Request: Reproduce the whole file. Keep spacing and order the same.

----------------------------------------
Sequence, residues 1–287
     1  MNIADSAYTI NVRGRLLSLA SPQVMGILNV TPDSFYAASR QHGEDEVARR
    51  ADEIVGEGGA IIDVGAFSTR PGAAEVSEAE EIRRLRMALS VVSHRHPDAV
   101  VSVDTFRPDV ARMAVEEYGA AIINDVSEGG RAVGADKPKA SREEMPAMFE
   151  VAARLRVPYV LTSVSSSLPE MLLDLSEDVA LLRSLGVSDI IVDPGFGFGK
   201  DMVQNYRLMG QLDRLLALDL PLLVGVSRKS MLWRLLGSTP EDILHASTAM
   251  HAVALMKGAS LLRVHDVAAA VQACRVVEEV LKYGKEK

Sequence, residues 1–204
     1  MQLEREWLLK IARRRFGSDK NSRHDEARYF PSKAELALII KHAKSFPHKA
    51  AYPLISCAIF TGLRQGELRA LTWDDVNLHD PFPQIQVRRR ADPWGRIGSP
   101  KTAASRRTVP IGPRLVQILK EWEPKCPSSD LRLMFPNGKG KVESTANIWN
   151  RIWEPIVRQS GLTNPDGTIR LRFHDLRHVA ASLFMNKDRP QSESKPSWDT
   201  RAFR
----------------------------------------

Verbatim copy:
Sequence, residues 1–287
     1  MNIADSAYTI NVRGRLLSLA SPQVMGILNV TPDSFYAASR QHGEDEVARR
    51  ADEIVGEGGA IIDVGAFSTR PGAAEVSEAE EIRRLRMALS VVSHRHPDAV
   101  VSVDTFRPDV ARMAVEEYGA AIINDVSEGG RAVGADKPKA SREEMPAMFE
   151  VAARLRVPYV LTSVSSSLPE MLLDLSEDVA LLRSLGVSDI IVDPGFGFGK
   201  DMVQNYRLMG QLDRLLALDL PLLVGVSRKS MLWRLLGSTP EDILHASTAM
   251  HAVALMKGAS LLRVHDVAAA VQACRVVEEV LKYGKEK

Sequence, residues 1–204
     1  MQLEREWLLK IARRRFGSDK NSRHDEARYF PSKAELALII KHAKSFPHKA
    51  AYPLISCAIF TGLRQGELRA LTWDDVNLHD PFPQIQVRRR ADPWGRIGSP
   101  KTAASRRTVP IGPRLVQILK EWEPKCPSSD LRLMFPNGKG KVESTANIWN
   151  RIWEPIVRQS GLTNPDGTIR LRFHDLRHVA ASLFMNKDRP QSESKPSWDT
   201  RAFR